From BIGMTLIST From: DINETAH29@aol.com Date: Tue, 6 Apr 1999 02:55:39 EDT Subject: Please Post-The Numbers Game-An Answer to the US government line The Numbers Game on Black Mesa When commenting on the problems affecting Dineh who became trespassers on their ancestral lands as a result of PL 93-531, US officials frequently quote statistics indicating that the situation has been resolved to the satisfaction of everyone but a handful of "Resisters". They usually state that the number of these Resisters is around 12. These statistics are intended to support an assertion that a difficult situation has been successfully resolved except for a tiny group of people who may suffer as a result of their failure to cooperate with a program that everyone else accepts. These statistics completely misrepresent the situation in the region and the tragic situation facing the many communities affected by these policies, and it hides the harsh reality that may unfold as the US completes its "Final Solution" to the problems in the region. The government statistics make two fundamental errors. The first is the assumption that two lists called the "A" and "B" lists include all the Dineh currently living on what is called "Hopi Partitioned Land" (HPL). The second error is the assumption that the number of signatures on leases with the Hopi Tribe which the government claims to have obtained from people on the "A" list indicates that 85% of these people accept the terms of these leases and have reached a satisfactory solution for remaining on the land. The Lists Official government policy is based on lists that were developed as part of the mediation process between the two tribal governments, some "representatives" of the people, and the US government. The current solutions proposed by the US government only cover the people on these lists, but these lists may represent less than 15% of the Dineh living on HPL, so that the vast majority of people have no protection against the impending evictions. This discrepancy is caused by three factors: (1) The people on the list are "heads of households", but in many cases, their children and other extended family members supposedly covered by their signature live elsewhere in the area. The lease arrangements would require all these extended family members to give up their own homes and livestock and move in with their grandparents/ great-aunts/etc. These extended family members will lose their homes, their land, and their livestock. (2) Where the officially listed person has died (which has occurred several times since the list gives the eldest heads of household), the eligibility to sign is not transferred to the succeeding generation, so that the children and extended family do not have the opportunity to move in with the grandparents as mentioned in (1). (3). Many people are simply not represented in any way by the official lists. These people fall into many classes: (a). The largest group involve cases where someone listed as a head of household in the Relocation Office accepted relocation benefits and was moved away, but other members of the family never relocated. (b). Some people have never appeared on any list or census. They have been avoiding the government for the last 25 years. (c). Another case is where a family was relocated, but some of them eventually returned illegally, often living in makeshift shelters on their old land as their original houses had been bulldozed down. This is common for the ones who were moved into the cities, and found themselves homeless and unable to survive in that environment. The people in groups (2) and (3) above will be subject to forcible eviction over the next year and to the loss of their homes and livestock. These people are not even eligible for relocation benefits, so that they will receive no compensation for the confiscation of their land and homes. The people in group (1) may avoid eviction if they move in with their relatives, but they face the loss of their current homes and livestock. Furthermore, in many cases they may not for various reasons be able to move in with the elders, in which case they will be subject to eviction. As pointed out by Dr. Thayer Scudder, an authority on relocation issues, governments usually underestimate the number of people to be impacted by a relocation program. The US government originally estimated in 1974 that under 3,000 people would have to relocated. So far, over 12,000 have been relocated, and thousands more remain on the land. Preliminary estimates collected by Sovereign Dineh Nation (SDN) from people in the various communities suggest that as many as 3,000 Dineh are currently on HPL. SDN is in process of collecting hard data on the subject by means of a comprehensive survey that will give an accurate count in the near future. In any case, it is clear that a large group will suffer when the US government attempts to remove all non-permitted people from HPL. One question that often arises is where these people are and how the government has failed to account for them. This has several answers. The first is that in many case the authorities are aware of these people, but have found it inconvenient to include them, as it exposes the fundamental flaw in their plans. A second situation is where the people currently are living in or near the homesites of eligible people. In that case, they still are not eligible for residency under the permits granted to the listed people, so that they are unprotected. The third situation is where the government is simply not aware of the people, because they have essentially been hiding for years: the government has not examined every corner of the million acre area. The Signatures The apparent signatures of 85% of the 112 "A" list heads of households does not in any way reflect that these people have entered into a voluntary and workable arrangement for continuing as tenants under the government program. The 85% figure originated in a condition placed in PL 104-301 which awarded the Hopi Tribal Government $25 million if it could obtain this number of signatures. At over $250,000 per signature, the tribal government had every reason to use any means possible to obtain signatures. The US government, wishing to obtain the public relations benefit of announcing a successful settlement, was equally complicit in the process of obtaining these signatures through questionable means. The signatures that were obtained do not reflect voluntary acceptance of the terms of the agreement. The people were simply told that if they did not sign, they would be evicted. In many cases documented by SDN, the officials used verbal threats of jail or immediate eviction without confiscation to extort signatures. In most cases, the people were not offered legal counsel or any detailed explanation of the terms of the agreement or of their rights in the process. The government's goal was to obtain signatures by any means possible, not to insure that people understood the process, the terms of the leases, or the significance of their signatures on these documents. Furthermore, many of the signatures were obtained by fraudulent means. For example, Katherine Smith, who was jailed many years ago for shooting over the heads of the police, is listed as a signer, even though she never signed. Alice Benally, a lifelong resister, died from heartbreak and embarrassment shortly after finding out that her name had been forged onto a lease. Some people found out that documents that they signed to release their animals from impoundment or for some other purpose were actually these leases. The reality is that the leases do not provide a realistic or humane mechanism for Dineh people to remain on their ancestral land. The people will have no civil rights and live under the dictatorial control of a government that is openly hostile to them. The leases deprive subsistence herders of the ability to maintain the herds they need for their survival. Most importantly, the leases turn people into tenants on their ancestral lands, and deprive the people of their right to protect and preserve their land for future generations as they are bound by their traditional religion. As one attorney phrased it, the procedure was like forcing people to sign their own death warrants. Many of the people who are officially considered as "signers" are people who are as totally committed to resistance against loss of their ancestral land as anyone. For the government to flaunt 95 signatures as evidence of the people's acceptance of its policy is a gross misrepresentation of the choices that were presented to the people and of the process through which these signatures were obtained. Conclusion SDN is in the process of collecting detailed and in-depth information concerning all of these issues using procedures that will hold up under court scrutiny in various legal actions. Because of the enormous physical obstacles in reaching all of the people who have to be surveyed, completing this process may take several months. In the meantime, we have compiled a large amount of individual testimonies and anecdotal evidence that demonstrates the basic points described above. The US government is playing a fraudulent numbers game to mask the failure of its policies and the tragedy that can be expected to unfold as the government completes its final solution to what it calls the Hopi-Navajo Land Dispute.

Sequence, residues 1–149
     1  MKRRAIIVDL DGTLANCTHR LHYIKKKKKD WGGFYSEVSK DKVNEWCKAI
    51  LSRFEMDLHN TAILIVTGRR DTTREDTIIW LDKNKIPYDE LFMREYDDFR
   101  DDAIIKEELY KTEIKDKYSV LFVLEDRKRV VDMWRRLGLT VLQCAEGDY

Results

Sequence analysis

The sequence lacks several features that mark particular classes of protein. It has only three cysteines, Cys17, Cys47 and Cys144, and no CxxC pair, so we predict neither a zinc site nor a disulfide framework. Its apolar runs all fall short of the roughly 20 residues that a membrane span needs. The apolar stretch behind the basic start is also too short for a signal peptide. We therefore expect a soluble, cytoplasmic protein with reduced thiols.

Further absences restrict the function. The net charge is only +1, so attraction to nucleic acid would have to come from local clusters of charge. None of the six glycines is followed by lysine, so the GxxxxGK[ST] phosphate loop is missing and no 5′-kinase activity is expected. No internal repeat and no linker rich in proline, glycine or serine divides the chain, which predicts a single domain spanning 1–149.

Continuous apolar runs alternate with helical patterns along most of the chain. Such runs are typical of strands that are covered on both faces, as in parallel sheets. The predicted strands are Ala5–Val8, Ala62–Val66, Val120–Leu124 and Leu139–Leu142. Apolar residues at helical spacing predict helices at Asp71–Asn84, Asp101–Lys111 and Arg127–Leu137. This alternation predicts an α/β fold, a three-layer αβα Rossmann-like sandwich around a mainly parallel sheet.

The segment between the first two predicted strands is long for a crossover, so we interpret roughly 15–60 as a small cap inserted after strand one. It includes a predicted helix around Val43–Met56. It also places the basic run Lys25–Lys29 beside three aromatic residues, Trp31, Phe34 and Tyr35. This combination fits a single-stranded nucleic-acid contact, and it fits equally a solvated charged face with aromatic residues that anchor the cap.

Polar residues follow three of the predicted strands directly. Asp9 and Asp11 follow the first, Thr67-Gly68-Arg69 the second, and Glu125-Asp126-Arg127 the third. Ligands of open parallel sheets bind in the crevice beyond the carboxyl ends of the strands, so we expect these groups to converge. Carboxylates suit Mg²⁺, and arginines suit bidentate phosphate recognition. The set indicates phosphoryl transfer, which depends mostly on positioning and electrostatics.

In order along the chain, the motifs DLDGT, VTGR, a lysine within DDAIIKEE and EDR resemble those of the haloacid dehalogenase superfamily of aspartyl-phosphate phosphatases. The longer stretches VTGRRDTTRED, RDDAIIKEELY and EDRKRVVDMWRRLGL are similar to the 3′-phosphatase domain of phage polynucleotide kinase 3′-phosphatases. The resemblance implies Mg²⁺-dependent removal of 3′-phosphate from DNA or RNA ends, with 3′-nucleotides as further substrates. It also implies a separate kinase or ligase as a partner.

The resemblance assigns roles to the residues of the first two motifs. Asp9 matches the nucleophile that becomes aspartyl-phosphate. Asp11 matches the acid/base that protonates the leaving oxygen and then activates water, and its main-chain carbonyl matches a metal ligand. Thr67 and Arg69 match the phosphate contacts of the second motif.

From BIGMTLIST From: DINETAH29@aol.com Date: Tue, 6 Apr 1999 02:53:17 EDT Subject: Please Post URGENT Appeal for hay and feed for Anna and Ella Begay's corralled animals Dear Big Mountain Supporters, Ella Begay came to Kaibeto today, Monday, April 5, 1999, to tell me personally how much they appreciate the support she has seen. She is happy from the bottom of her heart that she got her animals back. It is something she never thought would happen. We could not have done it without your help. The reason I am sending out this URGENT Appeal is for hay and feed for the 2 donkeys and 1 horse that have to remain penned inside a corral in order to avoid confiscation. This costs money and Ella and Anna Begay, as you know, have no money. On behalf of Ella and Anna, I am issuing this appeal for you to send money for hay and feed to Anna and Ella c/o their niece Phyllis Widehat who went with them to get their animals from public auction: Please send your donations to: Phyllis Widehat P.O. Box 3583 Tuba City, AZ 86045 Also, if you can contribute to a hearing aid for Ella it would be most appreciated. Please write a note and indicate how you would like your money to be spent, whether for hay and feed or for a hearing aid. Thank you for your support and understanding. Yours sincerely, Marsha Monestersky Consultant to Sovereign Dineh Nation